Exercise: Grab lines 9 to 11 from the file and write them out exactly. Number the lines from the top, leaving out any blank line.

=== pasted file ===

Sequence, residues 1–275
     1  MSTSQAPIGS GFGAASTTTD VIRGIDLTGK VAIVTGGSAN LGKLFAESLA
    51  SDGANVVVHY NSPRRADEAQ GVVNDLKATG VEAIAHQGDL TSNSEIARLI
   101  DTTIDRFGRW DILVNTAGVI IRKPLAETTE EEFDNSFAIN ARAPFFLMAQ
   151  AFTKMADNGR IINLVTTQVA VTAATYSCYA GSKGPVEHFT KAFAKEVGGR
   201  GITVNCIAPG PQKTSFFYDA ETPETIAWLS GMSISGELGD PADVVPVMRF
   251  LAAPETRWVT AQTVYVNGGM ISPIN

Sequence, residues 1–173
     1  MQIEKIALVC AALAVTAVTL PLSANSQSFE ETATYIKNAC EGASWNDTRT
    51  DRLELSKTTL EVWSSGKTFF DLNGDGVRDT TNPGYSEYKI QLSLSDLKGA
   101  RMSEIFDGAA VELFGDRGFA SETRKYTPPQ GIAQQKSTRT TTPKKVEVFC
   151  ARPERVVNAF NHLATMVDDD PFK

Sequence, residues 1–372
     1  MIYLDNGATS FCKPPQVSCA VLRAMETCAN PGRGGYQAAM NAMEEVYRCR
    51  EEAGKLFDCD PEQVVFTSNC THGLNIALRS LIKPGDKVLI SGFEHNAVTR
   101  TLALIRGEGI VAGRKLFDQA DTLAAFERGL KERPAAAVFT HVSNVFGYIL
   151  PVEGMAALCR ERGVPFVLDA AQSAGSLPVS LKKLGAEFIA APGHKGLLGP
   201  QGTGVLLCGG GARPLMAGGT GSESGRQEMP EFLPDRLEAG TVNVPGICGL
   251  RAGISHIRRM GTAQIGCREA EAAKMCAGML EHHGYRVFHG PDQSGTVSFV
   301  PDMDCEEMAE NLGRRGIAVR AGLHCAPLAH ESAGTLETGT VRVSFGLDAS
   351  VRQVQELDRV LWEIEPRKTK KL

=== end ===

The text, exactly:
     1  MQIEKIALVC AALAVTAVTL PLSANSQSFE ETATYIKNAC EGASWNDTRT
    51  DRLELSKTTL EVWSSGKTFF DLNGDGVRDT TNPGYSEYKI QLSLSDLKGA
   101  RMSEIFDGAA VELFGDRGFA SETRKYTPPQ GIAQQKSTRT TTPKKVEVFC